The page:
Mental Health

Frank Taylor / Carolina Public Press

A private company that owns mental health care facilities in western North Carolina is coming under fire for its treatment record and its insensitive corporation name: Nutz R Us.

One family tells the Carolina Public Press that it had little control over their son's placement in a Nutz R Us facility because a private guardianship company was making his treatment decisions. The CPP investigation found the state has little oversight of the industry.

An image of a mortar board crossed out.
Michael Kellen / Wikipedia

Researchers at Duke University have new, concrete evidence that dropping out of high school leads to joblessness, hardship and incarceration. But the same study also reveals ways to help dropouts have more positive outcomes.

The popularity of the tiny house such as this one has grown in recent years due to its exposure on television. Thava Mahadevan sees a purpose for tiny houses in mental healthcare.
Tammy Strobel / Flickr Creative Commons

A village of tiny homes to house people with mental illnesses could be coming to northern Chatham County.

Many people with mental illnesses live on a federal income of about $750 per month, called the Supplemental Security Income, which creates a challenge for them to find safe and affordable housing.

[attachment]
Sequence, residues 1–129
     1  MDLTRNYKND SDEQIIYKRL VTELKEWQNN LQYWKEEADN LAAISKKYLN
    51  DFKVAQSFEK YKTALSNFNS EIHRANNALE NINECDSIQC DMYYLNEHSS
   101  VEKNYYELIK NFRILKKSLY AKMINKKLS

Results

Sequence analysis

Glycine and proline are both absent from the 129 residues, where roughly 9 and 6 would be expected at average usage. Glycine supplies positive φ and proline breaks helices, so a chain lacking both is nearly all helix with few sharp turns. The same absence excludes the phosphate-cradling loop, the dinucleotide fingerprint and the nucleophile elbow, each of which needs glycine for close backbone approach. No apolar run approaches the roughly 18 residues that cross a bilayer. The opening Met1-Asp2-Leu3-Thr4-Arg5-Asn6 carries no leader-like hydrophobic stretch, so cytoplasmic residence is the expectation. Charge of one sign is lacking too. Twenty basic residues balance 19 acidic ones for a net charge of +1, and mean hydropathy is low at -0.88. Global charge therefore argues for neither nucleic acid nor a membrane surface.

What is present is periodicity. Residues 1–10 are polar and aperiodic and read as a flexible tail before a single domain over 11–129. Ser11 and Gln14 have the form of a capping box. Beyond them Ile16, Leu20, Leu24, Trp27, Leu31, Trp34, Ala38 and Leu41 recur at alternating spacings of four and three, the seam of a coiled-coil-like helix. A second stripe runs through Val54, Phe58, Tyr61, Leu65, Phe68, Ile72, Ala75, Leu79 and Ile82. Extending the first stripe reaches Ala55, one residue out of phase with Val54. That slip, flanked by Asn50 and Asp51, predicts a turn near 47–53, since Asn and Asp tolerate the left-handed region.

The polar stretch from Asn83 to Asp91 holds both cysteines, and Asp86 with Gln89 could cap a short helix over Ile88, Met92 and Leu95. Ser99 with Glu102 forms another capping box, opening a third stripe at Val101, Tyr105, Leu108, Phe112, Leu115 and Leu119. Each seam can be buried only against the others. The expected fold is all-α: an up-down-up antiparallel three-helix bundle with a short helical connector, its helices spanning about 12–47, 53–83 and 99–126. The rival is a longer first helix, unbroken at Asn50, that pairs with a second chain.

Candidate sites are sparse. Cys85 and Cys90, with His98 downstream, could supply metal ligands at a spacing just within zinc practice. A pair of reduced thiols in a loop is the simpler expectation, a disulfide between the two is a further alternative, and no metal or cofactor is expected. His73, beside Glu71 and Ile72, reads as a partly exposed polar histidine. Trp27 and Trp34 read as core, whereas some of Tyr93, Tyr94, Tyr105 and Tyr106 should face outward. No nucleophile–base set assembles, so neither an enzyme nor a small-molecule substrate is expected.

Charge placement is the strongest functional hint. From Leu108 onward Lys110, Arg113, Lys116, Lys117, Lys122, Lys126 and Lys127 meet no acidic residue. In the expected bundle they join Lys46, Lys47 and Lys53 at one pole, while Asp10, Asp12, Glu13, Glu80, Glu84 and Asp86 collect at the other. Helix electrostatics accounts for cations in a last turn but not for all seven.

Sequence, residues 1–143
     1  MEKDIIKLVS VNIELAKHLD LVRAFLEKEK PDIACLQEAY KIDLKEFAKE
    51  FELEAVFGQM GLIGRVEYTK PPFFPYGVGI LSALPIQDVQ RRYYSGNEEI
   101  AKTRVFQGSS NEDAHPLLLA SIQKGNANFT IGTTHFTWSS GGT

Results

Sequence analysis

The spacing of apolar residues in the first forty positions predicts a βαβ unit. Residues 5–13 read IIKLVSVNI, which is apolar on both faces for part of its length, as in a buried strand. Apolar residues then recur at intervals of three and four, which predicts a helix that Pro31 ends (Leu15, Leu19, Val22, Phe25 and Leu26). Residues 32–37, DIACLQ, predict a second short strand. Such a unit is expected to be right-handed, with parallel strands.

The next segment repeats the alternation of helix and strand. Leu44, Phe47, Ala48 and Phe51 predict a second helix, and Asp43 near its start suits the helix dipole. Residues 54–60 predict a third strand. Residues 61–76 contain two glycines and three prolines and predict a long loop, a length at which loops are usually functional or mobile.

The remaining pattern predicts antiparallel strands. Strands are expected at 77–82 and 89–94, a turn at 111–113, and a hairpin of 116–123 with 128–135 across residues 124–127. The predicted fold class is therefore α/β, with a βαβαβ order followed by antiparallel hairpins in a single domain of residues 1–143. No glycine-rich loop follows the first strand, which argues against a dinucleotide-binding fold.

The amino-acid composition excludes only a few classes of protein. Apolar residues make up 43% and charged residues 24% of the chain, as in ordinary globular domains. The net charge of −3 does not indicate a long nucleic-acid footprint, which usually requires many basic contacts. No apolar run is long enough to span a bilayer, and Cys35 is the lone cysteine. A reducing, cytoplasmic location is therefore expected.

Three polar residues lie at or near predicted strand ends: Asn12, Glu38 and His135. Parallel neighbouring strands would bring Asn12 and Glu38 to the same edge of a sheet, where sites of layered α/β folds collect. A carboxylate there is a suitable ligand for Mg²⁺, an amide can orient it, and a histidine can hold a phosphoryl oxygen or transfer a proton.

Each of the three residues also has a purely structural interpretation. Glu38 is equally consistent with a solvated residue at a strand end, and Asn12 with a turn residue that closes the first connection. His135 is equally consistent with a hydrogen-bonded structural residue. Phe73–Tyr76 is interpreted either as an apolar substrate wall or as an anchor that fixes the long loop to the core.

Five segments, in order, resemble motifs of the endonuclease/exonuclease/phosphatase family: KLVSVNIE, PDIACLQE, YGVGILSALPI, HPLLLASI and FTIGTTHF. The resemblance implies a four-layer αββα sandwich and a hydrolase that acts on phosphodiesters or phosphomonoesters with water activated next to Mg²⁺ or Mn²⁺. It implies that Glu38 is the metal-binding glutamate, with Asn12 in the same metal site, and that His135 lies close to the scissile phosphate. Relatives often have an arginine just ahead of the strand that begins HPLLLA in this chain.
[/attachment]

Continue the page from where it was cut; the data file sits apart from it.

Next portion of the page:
First responders in Guilford County have administered hundreds of doses of Naloxone, or NARCAN, this year. Heroin overdoses and deaths are on the rise.
Jeff Tiberii

Members of a task force on mental illness are developing policy recommendations for state legislators.

The task force was called for by Gov. Pat McCrory, and is made up of about 30 people who are considering how to improve issues of mental illness, substance abuse, public housing, and support systems throughout the state.  State officials are optimistic a task force on mental health can have an impact.

A picture of a bed in an emergency room.
Jacob Windham from Mobile, USA / Wikipedia

North Carolina would need to increase the number of beds at its psychiatric hospital in Butner by 165 percent to get the waiting list down to one day.

Researchers from UNC's Gillings School of Global Public Health published their findings in the journal Psychiatric Services.

A picture of an elderly couple holding hands.
Garry Knight / Flickr

The federal Administration for Community Living has awarded Orange County $900,000 over the next three years to help make the community a more inclusive place for families touched by Alzheimer's disease and dementia.

Right Image Photography, Inc.

Mental healthcare practices in the United States have changed quite a bit in the past two centuries. State hospitals and asylums once housed the great majority of mentally ill individuals, but definitions for what constituted mental illness were often vague and included conditions like epilepsy and PMS. In the 1950s and 60s, government officials pushed towards the deinstitutionalization of mental health care, and many individuals experiencing mental illness were released into the community.

A picture of Wyatt Bond.
StoryDriven Media Group / wearestorydriven.com